Forrest L. Cromwell, 83, a master watchmaker who trained a number of local jewelers and did complicated repairs for the Smithsonian Institution and other clients, died Dec. 27 at Doctors Community Hospital of complications from a perforated ulcer.

Mr. Cromwell, a longtime resident of Washington's Dupont Circle neighborhood, moved to Arlington four years ago.

In addition to his reputation as a watch and clock expert who could make parts for antique timepieces, Mr. Cromwell was known as a man of many talents and as something of a character. At various times, he had been an artist, photographer, mapmaker for the Army, charter boat captain on the Chesapeake Bay and crabber.

The close study of fish behavior was a lifelong passion. In fishing circles, he was considered the unofficial carp fly-fishing champion of the lower C&O Canal. For many years, he was a National Park Service volunteer along the canal, where he first began fishing as a youth and later piloted canal boats.

Writers for The Washington Post and other publications interviewed Mr. Cromwell from time to time about his fishing techniques, the vast collection of interesting and not-so-interesting objects stuffed into his Dupont Circle town house, and the state of development in that Northwest neighborhood.

Post sports writer Dennis Collins said in a 1982 article that he was "as much a fixture on the canal as the old locks." Mr. Cromwell was credited with inventing the mulberry fly sold by a fishing equipment shop near the canal.

In a 1978 Post profile titled "The Collector," Henry Allen wrote of visiting the town house, a kind of museum of Mr. Cromwell's many interests:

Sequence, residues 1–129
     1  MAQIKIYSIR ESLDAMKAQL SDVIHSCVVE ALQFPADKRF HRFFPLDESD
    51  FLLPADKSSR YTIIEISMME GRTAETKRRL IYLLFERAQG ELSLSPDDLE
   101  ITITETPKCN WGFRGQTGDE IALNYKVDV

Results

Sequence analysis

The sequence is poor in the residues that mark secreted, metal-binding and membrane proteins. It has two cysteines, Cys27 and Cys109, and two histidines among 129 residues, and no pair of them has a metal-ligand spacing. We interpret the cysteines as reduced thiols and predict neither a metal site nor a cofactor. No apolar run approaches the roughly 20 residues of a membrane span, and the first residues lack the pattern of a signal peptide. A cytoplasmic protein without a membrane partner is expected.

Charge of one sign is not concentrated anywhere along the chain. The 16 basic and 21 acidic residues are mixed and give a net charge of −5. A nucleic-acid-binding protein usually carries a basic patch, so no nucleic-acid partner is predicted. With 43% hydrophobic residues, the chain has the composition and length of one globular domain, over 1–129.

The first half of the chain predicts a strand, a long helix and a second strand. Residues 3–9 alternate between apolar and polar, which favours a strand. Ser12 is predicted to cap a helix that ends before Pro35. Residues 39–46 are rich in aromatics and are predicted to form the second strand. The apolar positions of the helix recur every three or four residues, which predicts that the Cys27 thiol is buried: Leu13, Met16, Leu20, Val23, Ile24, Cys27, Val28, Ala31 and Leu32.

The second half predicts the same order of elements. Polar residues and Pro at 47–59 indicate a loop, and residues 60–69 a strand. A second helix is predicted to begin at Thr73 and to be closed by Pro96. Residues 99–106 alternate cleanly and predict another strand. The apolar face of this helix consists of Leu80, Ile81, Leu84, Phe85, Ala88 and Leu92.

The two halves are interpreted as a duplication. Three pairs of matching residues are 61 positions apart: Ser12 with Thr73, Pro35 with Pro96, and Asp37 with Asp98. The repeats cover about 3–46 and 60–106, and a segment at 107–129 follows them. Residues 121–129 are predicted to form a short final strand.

"You don't know what kit and caboodle means 'til you have to edge sideways down the hall past Forrest's living room, where he claims there's furniture buried under: cans of motor oil and Rustoleum, a softball, a stepladder, a number of felt hats, his father's salmon rod, a copy of 'Everest: The Western Ridge,' an old tire, raincoats, piles of newspapers, a piece of plaster ceiling dangling from the laths, a stuffed Winnie-the-Pooh, a pair of ancient sneakers with the counters busted down flat, a pot crammed with umbrellas, canes, galoshes and a grease gun, fishing line hanging off the lamps, a pair of black gloves, a pamphlet open to an article entitled 'Coping With Oranges,' several empty spring-water bottles, more fishing rods, an aquarium, a copy of 'Henry Moore' and Forrest's painting of the old C&O canal lock house he and his mother used to visit."

"I've been a collector since the day I was born," Mr. Cromwell told Allen. "It's a disease. It's in your genes. Terrible disease. Keep everything. I like everything old, nothing new. I have about six TVs in the house, only two work. I keep the other four in case I need a diode or a tube."

Mr. Cromwell's interest in fishing began in childhood, on the banks of trout streams near his native Boothbay Harbor, Maine.

His mother, who had been widowed during World War I, moved to Washington when he was 9.

After attending Central High School, he studied at the Corcoran School of Art.

He worked for the War Department during World War II as an expert in chronometers.

He was a charter boat captain in the late 1940s and drew maps for the Army Map Service during the 1950s. He ran his watch repair business out of his home until retiring in the mid-1990s.

Mr. Cromwell's first marriage, to Mary Parsons, ended in divorce. His second wife, Laura Bayliss, died in 1951, and his third wife, Helen Selvig, died in 1994.

There are no immediate survivors.